The Walk and Turn
This type of field sobriety test has two parts: the officer first explains and demonstrates what is to be done so that there is no confusion and then asks you to place one foot in front of the other in a straight line with the heel of one foot touching the toes of the other; then, the officer will demonstrate and explain how you are to walk the straight line before asking you to take nine heel-to-toe steps down the line.17 The officer will look for several signs of intoxication, including starting before instructions are over, stepping off the line, failure to touch heel to toe, using arms to balance, and improper turning.18 According to the NHTSA, this test indicates that 79% of individuals who exhibit two or more of these mistakes will have a BAC of 0.08% or greater.19 However, circumstances may make the test inaccurate. For example, slippery or uneven surfaces or inadequate lighting may make you falter.10
If you have been arrested for a DUI and your BAC was over 0.08% because of one of these tests, you should contact an Arizona DUI attorney. Your attorney will be able to best assess your situation and put forth your best defenses against any test inaccuracies. Contact a dedicated Phoenix DUI lawyer at Ariano & Associates who are on call 24 hours a day, 7 days a week.
 Field Sobriety Tests: Standardized and Non-Standardized, fieldsobrietytests.org, http://www.fieldsobrietytests.org/(last visited Dec. 16, 2014).
2 Peter Johnson, Challenging the Blood Test In a DUI Case, dui.drivinglaws.org, http://dui.drivinglaws.org/resources/dui-and-dwi/dui-defense/challenging-blood-test-dui-case.htm (last visited Dec. 18, 2014).
3 Rich Stim, Why Urine Tests Are the Least Reliable DUI Chemical Test, dui.drivinglaws.org, http://dui.drivinglaws.org/resources/dui-and-dwi/why-urine-tests-least-reliable-bac.htm (last visited Dec. 18, 2014).
6 Breathalyzers Fail Legitimacy Test, motorists.org, http://www.motorists.org/dui/breathalyzers-fail-legitimacy-test (last visited Dec. 18, 2014).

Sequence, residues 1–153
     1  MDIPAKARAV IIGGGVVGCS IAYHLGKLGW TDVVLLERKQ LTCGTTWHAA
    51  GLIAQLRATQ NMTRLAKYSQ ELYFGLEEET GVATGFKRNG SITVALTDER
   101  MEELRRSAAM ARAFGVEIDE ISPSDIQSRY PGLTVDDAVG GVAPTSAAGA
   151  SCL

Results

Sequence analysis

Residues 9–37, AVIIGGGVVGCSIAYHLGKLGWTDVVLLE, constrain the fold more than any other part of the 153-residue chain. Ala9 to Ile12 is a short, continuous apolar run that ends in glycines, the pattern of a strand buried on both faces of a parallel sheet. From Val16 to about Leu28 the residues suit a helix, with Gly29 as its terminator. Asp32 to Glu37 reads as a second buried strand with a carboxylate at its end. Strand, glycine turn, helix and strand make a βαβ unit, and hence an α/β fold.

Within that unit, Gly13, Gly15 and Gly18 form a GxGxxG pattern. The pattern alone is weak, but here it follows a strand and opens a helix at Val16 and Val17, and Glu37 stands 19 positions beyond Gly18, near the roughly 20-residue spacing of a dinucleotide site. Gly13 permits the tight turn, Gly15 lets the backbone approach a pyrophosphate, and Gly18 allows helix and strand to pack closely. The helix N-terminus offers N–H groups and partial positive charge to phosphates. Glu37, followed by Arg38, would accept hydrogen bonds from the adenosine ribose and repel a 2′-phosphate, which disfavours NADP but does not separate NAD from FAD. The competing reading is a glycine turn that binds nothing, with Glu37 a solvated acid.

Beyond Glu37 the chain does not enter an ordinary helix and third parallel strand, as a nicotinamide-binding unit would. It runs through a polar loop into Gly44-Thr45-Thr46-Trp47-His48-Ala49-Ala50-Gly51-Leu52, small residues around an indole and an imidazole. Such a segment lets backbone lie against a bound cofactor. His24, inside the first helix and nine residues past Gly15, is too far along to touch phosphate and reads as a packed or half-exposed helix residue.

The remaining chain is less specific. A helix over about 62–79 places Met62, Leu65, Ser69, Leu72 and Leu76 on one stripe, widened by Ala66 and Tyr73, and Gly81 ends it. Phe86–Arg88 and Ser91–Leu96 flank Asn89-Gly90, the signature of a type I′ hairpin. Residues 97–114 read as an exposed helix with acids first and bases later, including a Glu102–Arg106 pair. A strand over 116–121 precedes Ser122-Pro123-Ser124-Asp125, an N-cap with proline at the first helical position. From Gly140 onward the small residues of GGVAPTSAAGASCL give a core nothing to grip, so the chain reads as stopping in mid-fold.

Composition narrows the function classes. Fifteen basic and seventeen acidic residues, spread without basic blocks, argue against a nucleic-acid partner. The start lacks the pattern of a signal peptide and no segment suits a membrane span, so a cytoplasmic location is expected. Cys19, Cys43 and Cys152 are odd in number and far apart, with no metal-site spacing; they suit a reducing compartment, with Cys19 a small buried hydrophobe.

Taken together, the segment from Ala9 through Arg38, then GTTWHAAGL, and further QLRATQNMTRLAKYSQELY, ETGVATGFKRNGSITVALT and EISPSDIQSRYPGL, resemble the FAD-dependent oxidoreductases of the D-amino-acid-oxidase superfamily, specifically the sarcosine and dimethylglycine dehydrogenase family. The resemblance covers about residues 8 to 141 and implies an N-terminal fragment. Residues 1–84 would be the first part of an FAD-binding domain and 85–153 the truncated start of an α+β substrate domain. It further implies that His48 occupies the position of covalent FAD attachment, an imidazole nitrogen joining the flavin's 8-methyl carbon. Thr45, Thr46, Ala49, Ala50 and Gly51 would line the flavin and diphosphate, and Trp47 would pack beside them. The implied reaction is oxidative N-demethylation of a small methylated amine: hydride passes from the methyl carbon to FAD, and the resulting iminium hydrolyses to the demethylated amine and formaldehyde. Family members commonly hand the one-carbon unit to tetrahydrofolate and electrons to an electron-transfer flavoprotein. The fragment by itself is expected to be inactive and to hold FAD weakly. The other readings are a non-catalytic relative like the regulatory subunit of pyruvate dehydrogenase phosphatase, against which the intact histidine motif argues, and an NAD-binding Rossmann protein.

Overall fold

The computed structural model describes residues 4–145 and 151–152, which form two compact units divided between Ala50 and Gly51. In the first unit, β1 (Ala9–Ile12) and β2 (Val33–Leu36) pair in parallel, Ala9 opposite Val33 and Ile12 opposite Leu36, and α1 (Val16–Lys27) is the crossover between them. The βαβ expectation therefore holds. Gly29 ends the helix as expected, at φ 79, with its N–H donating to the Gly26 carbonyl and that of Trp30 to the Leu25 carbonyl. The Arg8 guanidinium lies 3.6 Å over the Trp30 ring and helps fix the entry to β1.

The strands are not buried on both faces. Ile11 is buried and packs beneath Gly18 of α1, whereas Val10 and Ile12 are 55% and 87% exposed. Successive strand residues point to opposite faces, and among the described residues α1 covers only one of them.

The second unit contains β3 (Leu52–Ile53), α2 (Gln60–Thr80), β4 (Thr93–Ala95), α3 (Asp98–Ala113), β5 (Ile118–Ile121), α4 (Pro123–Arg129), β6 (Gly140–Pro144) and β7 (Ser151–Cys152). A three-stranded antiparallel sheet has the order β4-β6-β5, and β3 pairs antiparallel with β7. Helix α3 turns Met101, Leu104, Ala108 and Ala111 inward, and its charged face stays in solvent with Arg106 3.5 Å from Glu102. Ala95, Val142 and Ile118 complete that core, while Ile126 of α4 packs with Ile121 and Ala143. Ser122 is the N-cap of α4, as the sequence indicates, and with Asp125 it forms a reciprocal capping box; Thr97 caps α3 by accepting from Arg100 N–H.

7 David J. Hanson, breathalyzer Accuracy and DWI/DUI Conviction Rates, ww2.potsdam.edu, http://www2.potsdam.edu/alcohol/DrivingIssues/1093825780.html#.VJOxcV4Ac (last visited Dec. 18, 2014).
8 Horizontal Gaze Nystagmus: The Science & The Law, nhtsa.gov, http://www.nhtsa.gov/people/injury/enforce/nystagmus/hgntxt.html (last visited Dec. 16, 2014).
10 Horizontal Gaze Nystagmus, duifoundation.org, http://www.duifoundation.org/drunkdriving/testing/fieldsobriety/horizontalgazenystagmus.php (last visited Dec. 18, 2014).
12 One-Leg Stand, duifoundation.org, http://www.duifoundation.org/drunkdriving/testing/fieldsobriety/onelegstand.php (last visited Dec. 18, 2014).
15 Standardized Field Sobriety Testing, nhtsa.gov, http://www.nhtsa.gov/people/injury/alcohol/sfst/appendix_a.htm (last visited Dec. 18, 2014).
16 DWI One Leg Stand Test Accuracy, d-w-i.org, http://www.d-w-i.org/dwionelegstandtestaccuracy.html (last visited Dec. 18, 2014).
17 Walk and Turn, duifoundation.org, http://www.duifoundation.org/drunkdriving/testing/fieldsobriety/walkandturn.php (last visited Dec. 18, 2014).
18 Walk and Turn
19 Standardized Field Sobriety Testing, supra note 15.
20 Walk and Turn Test Defenses, walkandturntest.net, http://www.walkandturntest.net/ (last visited Dec. 18, 2014).